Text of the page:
UN support for unfettered access to the victims of the crisis in Ukraine

Project completed
A soldier raises a barrier, opening the way for a Swiss Humanitarian Aid lorry.
On three separate occasions in 2015, lorries contracted by the SDC were able to reach inhabitants on both sides of the line of contact in eastern Ukraine without any difficulty. © SDC © SDC

In the face of the ongoing crisis in Ukraine, millions of people are still without water and medicines. Humanitarian organisations on the ground are confronted with numerous obstacles in delivering aid. The UN Office for the Coordination of Humanitarian Affairs (OCHA) is trying to find solutions. The SDC puts cash and experts at the disposal of OCHA and at the same time benefits from its services when conducting Swiss humanitarian operations.   

Country/region Period Budget
01.01.2016 - 31.12.2016
CHF 300'000

Two years of hostilities in Ukraine have forced over 3.1 million people to depend on humanitarian assistance. The situation is particularly serious in the east of the country, where the Kyiv authorities and armed groups are vying for territorial control. Local communities fear for their safety and many people have lost their livelihoods. On top of this they have to cope with limited access to water and basic healthcare services.

Sporadic armed clashes also pose a threat to humanitarian organisations on the ground. Furthermore, humanitarian organisations face numerous bureaucratic hurdles on a daily basis, and in the east of the country they have to negotiate both with representatives of the national government and of armed groups to ensure that the aid can reach the people in need.

OCHA plays a vital role in this respect in Ukraine. The mandate of this UN agency is to coordinate at international level all humanitarian activities carried out by donor countries, multilateral agencies and NGOs in response to crises or natural disasters. The SDC has earmarked an overall contribution of CHF 3.6 million to OCHA in 2016.

Contacts with all parties to the conflict

"In the Ukrainian crisis context, gaining access to the victims can depend on the goodwill of a single individual. That is why OCHA seeks to maintain contact with all parties to the conflict," explains Mario Trutmann, an expert from the Swiss Humanitarian Aid Unit seconded to OCHA by the SDC. Mario Trutmann is working as a humanitarian chargé d'affaires in Donetsk, close to the 'contact line' that delimits the two sides' positions in eastern Ukraine. 

"Negotiations are sometimes simply a matter of phoning a commander at one of the checkpoints to allow a convoy to cross over," notes Mario Trutmann. But it is not always as simple as that, as Trutmann explains: "The situation in Ukraine is extremely volatile, which means that you often have to renegotiate agreements over and over again to deliver aid."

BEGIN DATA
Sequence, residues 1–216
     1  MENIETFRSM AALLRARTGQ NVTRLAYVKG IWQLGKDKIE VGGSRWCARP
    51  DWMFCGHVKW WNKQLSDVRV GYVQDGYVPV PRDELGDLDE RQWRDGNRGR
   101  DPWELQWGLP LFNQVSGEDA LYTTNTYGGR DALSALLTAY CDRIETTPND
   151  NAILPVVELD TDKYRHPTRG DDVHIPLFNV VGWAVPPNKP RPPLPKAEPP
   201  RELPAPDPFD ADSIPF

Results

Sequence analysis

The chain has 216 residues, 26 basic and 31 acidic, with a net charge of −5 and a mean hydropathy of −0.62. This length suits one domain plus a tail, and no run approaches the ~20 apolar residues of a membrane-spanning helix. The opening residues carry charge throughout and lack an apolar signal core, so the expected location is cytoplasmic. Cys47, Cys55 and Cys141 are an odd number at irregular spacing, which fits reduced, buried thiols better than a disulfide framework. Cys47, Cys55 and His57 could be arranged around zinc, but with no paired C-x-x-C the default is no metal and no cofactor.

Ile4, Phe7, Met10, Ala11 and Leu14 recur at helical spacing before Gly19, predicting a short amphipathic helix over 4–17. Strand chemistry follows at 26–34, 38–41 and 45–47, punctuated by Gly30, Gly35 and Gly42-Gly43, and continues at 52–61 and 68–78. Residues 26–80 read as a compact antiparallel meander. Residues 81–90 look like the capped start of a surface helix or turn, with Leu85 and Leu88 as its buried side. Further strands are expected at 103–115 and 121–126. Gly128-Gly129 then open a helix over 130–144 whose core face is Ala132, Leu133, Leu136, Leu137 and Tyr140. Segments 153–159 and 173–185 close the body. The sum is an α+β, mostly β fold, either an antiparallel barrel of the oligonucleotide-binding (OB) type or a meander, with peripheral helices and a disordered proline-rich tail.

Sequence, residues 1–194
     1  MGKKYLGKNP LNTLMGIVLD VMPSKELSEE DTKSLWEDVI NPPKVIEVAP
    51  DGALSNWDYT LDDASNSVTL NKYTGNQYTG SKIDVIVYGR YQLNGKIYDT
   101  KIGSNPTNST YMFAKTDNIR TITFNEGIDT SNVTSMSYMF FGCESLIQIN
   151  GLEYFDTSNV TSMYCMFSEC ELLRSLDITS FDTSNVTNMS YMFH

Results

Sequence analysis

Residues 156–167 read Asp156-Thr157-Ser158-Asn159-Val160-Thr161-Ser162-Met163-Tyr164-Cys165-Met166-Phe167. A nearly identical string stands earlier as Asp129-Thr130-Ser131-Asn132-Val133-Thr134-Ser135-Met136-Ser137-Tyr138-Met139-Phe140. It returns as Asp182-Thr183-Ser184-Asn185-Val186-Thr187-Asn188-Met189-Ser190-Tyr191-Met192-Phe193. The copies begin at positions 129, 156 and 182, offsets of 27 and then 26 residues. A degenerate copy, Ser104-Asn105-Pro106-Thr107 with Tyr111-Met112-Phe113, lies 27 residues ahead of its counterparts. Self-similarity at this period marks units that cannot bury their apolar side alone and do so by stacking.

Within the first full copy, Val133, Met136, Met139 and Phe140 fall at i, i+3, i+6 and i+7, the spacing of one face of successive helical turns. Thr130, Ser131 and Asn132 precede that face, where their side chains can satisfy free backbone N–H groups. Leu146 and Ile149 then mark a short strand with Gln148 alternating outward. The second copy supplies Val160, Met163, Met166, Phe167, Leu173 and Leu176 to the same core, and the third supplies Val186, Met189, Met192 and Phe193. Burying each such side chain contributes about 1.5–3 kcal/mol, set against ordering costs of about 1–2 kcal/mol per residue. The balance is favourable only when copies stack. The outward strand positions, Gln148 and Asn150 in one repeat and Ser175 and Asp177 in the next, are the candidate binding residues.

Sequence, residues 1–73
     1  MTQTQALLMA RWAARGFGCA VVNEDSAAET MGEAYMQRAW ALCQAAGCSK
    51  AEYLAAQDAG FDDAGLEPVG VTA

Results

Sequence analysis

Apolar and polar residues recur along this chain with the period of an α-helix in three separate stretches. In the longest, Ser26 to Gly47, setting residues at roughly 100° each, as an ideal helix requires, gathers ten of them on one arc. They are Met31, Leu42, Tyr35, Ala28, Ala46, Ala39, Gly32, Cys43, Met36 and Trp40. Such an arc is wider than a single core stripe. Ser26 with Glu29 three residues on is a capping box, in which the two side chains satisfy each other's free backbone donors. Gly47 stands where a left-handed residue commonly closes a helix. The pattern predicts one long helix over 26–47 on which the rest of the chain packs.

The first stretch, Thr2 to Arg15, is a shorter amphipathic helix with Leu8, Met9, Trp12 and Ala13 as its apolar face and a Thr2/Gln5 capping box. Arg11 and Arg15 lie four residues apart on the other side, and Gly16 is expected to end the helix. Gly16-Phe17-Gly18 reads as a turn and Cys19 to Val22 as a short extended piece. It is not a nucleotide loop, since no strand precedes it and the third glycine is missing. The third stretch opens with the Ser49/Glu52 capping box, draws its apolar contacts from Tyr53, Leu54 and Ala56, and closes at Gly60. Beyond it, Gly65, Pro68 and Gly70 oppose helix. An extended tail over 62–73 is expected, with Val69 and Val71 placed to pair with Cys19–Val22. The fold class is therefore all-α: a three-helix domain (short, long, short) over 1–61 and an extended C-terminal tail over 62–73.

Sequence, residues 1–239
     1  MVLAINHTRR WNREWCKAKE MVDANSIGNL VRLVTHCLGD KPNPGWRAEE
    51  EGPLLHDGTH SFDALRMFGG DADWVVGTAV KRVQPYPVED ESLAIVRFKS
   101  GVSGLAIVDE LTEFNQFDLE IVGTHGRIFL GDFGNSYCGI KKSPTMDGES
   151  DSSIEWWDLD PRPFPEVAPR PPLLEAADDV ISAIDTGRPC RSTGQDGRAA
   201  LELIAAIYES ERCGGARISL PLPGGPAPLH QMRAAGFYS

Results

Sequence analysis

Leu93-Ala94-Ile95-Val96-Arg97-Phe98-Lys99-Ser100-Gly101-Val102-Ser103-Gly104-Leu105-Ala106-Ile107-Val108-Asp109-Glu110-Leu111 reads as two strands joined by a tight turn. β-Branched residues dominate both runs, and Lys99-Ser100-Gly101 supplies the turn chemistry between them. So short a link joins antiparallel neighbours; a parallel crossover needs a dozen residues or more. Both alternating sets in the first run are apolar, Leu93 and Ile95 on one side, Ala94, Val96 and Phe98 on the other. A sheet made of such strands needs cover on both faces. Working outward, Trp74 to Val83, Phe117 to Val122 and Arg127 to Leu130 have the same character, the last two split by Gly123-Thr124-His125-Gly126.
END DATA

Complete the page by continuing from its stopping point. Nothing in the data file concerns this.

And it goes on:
What applies to access to aid for victims also applies to the accreditation of humanitarian organisations. OCHA is well aware of this problem, as in September 2015 it was ordered to stop its operations in Luhansk in eastern Ukraine despite assurances it had received from the self-proclaimed local authorities. It took intense negotiations for OCHA, and other UN agencies along with it, to be allowed to resume its operations in Luhansk.

Support for Swiss humanitarian convoys

In 2015, OCHA facilitated a number of actions to help Switzerland ensure safe passage for several of its humanitarian convoys across the 'contact line'. The lorries contracted by the SDC reached their destination without any difficulty on three separate occasions. Specifically, the convoys delivered clean drinking water to inhabitants of the Donetsk region.

Coordination and sharing information

In addition to serving as an intermediary between various civilian and military stakeholders in Ukraine, OCHA makes sure that the humanitarian actors present in the country can optimally coordinate their operations. Every two weeks OCHA holds a meeting in Kyiv which brings together representatives of the donor countries and of humanitarian organisations working on the ground. The substance of these discussions is then reported to the UN headquarters in New York.

OCHA also has a mandate to collect, compile and disseminate any useful information on identified needs and humanitarian operations, broken down by sector (water, housing, food, healthcare, protection for civilians) and by locality. In Ukraine, the agency is even able to provide comprehensive documentation on territories controlled by armed groups where a climate of secrecy prevails. All this information is freely accessible to anyone via a dedicated internet platform.